Chelsea manager Jose Mourinho refused to respond to comments made by Tottenham manager Andre Villas-Boas ahead of Saturday’s Premier League clash between the former colleagues.
Villas-Boas worked under Mourinho at Porto, Inter Milan and Chelsea before forging his own career in management, with their friendship having since broken down since their days’ working together.
The Spurs boss confirmed in his pre-match press conference that he two no longer spoke, saying: "We had a great personal and professional relationship before that we don't have now.
"I don't think we need explanation on friendship and personal relationships. But our relationship broke down. I think we have the mutual respect for each other. But it's not like it was before."
But Mourinho has refused to elaborate on the break down, choosing instead to claim it is a personal matter that will remain personal.
"I don't describe (the relationship), because I'm not a kid to discuss relationships with the media. It's a personal thing,” Mourinho said.
"I don't care what he says. I'm here, not to comment on what he says or what to know what he says. I'm not interested."
There was an awkward end to the press conference though, after Mourinho was asked whether the “spirit” of Sir Bobby Robson, who is said by both men that he is seen as a type of mentor during the early days of their careers, would be at White Hart Lane at lunchtime tomorrow.
"Why?” said Mourinho. “Where (did) he work with Andre?"
Despite repeatedly being asked about his relationship with Villas-Boas, Mourinho continued to dismiss the questions, insisting that he would not go into detail about it.
"It's enough from me," Mourinho added. "I have nothing to say, nothing at all. "I'm not discussing here in front of you. For me there is no point.
"I'm not disappointed. I'm just here to speak about anything you want related to the game, not related to this situation."
Mourinho has come up against a number of his previous staff during his career – Villas-Boas is joined by Steve Clarke and Brendan Rodgers in the Premier League alone – and he claims that maintaining a professional approach when they face-off against each other is paramount, much like the 2010 Champions League victory when his Inter Milan side beat a Bayern Munich side guided by Luis van Gaal.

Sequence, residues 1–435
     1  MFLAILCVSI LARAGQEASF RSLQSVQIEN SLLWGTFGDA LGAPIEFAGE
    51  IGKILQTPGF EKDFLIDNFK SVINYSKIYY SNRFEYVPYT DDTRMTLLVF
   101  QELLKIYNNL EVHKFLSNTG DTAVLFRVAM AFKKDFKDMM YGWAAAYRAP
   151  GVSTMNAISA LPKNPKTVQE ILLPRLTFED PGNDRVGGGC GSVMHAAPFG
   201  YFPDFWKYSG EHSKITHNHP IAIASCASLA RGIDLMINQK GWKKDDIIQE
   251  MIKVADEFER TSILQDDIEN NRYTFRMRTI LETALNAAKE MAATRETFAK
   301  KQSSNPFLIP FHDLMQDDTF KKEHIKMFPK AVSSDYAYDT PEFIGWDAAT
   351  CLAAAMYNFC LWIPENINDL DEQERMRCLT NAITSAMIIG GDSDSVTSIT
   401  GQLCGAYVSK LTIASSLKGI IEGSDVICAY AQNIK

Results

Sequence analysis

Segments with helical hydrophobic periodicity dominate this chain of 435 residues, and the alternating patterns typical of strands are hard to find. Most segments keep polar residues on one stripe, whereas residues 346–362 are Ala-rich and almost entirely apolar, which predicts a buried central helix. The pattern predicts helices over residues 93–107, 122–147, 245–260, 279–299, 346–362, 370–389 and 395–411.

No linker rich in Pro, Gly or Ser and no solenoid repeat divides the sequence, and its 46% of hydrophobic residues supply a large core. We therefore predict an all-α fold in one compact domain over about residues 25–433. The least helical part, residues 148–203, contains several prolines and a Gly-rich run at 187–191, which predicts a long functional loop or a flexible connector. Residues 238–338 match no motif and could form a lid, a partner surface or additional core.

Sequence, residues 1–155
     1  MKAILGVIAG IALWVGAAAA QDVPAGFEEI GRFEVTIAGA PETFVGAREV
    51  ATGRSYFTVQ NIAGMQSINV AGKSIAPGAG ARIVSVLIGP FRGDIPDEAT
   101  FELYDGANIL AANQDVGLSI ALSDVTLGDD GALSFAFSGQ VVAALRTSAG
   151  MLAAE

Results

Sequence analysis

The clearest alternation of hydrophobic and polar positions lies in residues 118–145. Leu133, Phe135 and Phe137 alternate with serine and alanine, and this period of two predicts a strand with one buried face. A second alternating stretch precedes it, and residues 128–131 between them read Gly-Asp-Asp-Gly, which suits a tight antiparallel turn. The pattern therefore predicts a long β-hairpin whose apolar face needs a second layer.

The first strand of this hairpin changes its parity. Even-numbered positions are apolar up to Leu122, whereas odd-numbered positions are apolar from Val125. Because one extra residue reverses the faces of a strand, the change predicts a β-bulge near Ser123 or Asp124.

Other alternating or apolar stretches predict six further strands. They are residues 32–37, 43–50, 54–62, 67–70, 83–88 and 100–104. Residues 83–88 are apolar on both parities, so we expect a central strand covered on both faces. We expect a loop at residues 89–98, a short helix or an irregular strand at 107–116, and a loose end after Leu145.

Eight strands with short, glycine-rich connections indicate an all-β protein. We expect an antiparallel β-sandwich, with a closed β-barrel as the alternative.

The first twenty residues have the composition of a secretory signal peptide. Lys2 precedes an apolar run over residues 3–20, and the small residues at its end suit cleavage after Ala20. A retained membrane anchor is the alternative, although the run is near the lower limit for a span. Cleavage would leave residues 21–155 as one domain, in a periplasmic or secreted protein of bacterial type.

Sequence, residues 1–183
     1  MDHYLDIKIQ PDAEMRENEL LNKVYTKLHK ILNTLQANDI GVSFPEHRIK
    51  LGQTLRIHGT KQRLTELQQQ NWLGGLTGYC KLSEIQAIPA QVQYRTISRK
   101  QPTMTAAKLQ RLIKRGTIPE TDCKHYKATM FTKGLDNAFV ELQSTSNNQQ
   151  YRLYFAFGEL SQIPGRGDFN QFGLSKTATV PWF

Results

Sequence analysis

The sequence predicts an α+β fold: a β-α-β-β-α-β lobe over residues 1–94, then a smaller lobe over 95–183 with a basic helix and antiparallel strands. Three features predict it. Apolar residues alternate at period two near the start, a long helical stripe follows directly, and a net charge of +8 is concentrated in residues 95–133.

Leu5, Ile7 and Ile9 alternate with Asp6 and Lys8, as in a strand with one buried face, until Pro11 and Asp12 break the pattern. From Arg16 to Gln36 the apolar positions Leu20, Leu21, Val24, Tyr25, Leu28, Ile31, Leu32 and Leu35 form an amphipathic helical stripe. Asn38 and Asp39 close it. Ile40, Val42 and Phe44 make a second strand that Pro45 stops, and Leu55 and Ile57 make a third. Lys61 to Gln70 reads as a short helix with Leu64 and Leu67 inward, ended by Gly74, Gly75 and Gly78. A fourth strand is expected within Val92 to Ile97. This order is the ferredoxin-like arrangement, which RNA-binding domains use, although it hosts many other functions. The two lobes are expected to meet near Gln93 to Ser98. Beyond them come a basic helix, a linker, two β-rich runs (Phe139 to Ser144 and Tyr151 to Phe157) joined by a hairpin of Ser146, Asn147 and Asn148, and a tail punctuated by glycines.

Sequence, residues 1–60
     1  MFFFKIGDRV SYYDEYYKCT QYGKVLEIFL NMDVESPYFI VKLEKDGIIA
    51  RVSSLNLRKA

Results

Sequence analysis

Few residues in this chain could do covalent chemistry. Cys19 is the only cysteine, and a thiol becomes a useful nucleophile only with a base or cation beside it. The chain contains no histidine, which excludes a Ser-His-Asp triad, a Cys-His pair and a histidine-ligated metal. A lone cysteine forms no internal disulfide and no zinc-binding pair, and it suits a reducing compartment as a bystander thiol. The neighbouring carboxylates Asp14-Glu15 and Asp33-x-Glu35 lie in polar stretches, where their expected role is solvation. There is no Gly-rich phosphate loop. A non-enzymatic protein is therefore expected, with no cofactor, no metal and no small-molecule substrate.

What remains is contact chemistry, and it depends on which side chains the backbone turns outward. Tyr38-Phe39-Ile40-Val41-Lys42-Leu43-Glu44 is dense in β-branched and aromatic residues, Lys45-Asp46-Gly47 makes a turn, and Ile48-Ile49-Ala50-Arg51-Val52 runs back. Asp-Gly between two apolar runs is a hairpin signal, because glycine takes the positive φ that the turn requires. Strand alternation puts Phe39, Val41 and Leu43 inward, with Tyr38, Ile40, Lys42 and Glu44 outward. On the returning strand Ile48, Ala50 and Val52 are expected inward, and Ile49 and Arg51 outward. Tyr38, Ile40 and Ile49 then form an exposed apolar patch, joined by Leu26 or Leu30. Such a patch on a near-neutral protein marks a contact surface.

"I've had so many assistants in my career," said Mourinho, who was an assistant to Van Gaal at Barcelona after he took over the reins following Robson’s spell in charge.
"I was always an open book to all of them. I am an open book, after that if they want to read the book, or not, it's their problem, not my problem."
The matter ended when Mourinho was asked if he’d be enjoying a bottle of red wine with Villas-Boas once the game has finished.
"When people invite me, I always go," he said. "I never refuse."
Turning towards matters on the pitch, Mourinho agreed that Spurs are genuine contenders for the Premier League this season, and having already self-anointed them as “champions of the transfer market”, he feels they now have a squad that can compete at the top rather than last season.
"I think they are a big contender," Mourinho said. "They were the champions of the market, all of (those) international players with quality.
"When I analyse Tottenham as an opponent, I think they have a much better squad now than they had the season before.
"They have a much better squad and because you win titles with squads - you don't win titles with an especially good player - I think they are much more contenders than they were before."
The Blues go into the match after a 2-0 victory against Swindon Town in the Capital One Cup on Tuesday, although the success did come with its casualties.
Brazilian midfielder Ramires picked up a hip injury, having come off the bench to replace Marco van Ginkel after he suffered cruciate ligament damage in his knee, resulting in the Belgian undergoing surgery to have it repaired.
"The surgery went well. The doctor is happy with the way the surgery went,” Mourinho explained.
"Now he has to wait and he has to wait for a long time. It's very sad for a kid that was going into an important season for his development.
"Five months, six months, is a long time. To be back when the season is hot and when the clubs are playing crucial matches, to be back directly for that, we don't know."
Out-of-favour attacking midfielder Juan Mata played the full 90 minutes after he was left out of the Premier League squad that earned a lacklustre 2-0 victory over Fulham. Mourinho had challenged the Spaniard to show that he could adapt and play the style of football the Portuguese sees as Chelsea’s future, and the manager appeared pleased with what he saw.
"The last (Premier League) match against Fulham he was not selected," Mourinho said.
"If he keeps working that way (like at Swindon), adapting to my way of thinking, the football I want the team to play, the natural tendency is the opposite one, to be in the team."